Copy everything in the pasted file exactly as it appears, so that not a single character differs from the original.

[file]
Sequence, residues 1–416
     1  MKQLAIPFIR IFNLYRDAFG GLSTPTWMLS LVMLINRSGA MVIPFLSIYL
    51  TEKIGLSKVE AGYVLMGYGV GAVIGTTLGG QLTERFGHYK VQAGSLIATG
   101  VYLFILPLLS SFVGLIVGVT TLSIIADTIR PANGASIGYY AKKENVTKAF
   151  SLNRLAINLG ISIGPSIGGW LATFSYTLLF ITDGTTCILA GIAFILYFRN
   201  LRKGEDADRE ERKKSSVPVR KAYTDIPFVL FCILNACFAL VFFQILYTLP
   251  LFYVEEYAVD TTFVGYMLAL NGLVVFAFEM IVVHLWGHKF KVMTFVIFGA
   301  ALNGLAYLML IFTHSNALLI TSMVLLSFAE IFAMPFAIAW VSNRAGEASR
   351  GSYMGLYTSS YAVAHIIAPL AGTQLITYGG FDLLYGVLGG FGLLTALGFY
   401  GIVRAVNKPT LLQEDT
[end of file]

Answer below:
Sequence, residues 1–416
     1  MKQLAIPFIR IFNLYRDAFG GLSTPTWMLS LVMLINRSGA MVIPFLSIYL
    51  TEKIGLSKVE AGYVLMGYGV GAVIGTTLGG QLTERFGHYK VQAGSLIATG
   101  VYLFILPLLS SFVGLIVGVT TLSIIADTIR PANGASIGYY AKKENVTKAF
   151  SLNRLAINLG ISIGPSIGGW LATFSYTLLF ITDGTTCILA GIAFILYFRN
   201  LRKGEDADRE ERKKSSVPVR KAYTDIPFVL FCILNACFAL VFFQILYTLP
   251  LFYVEEYAVD TTFVGYMLAL NGLVVFAFEM IVVHLWGHKF KVMTFVIFGA
   301  ALNGLAYLML IFTHSNALLI TSMVLLSFAE IFAMPFAIAW VSNRAGEASR
   351  GSYMGLYTSS YAVAHIIAPL AGTQLITYGG FDLLYGVLGG FGLLTALGFY
   401  GIVRAVNKPT LLQEDT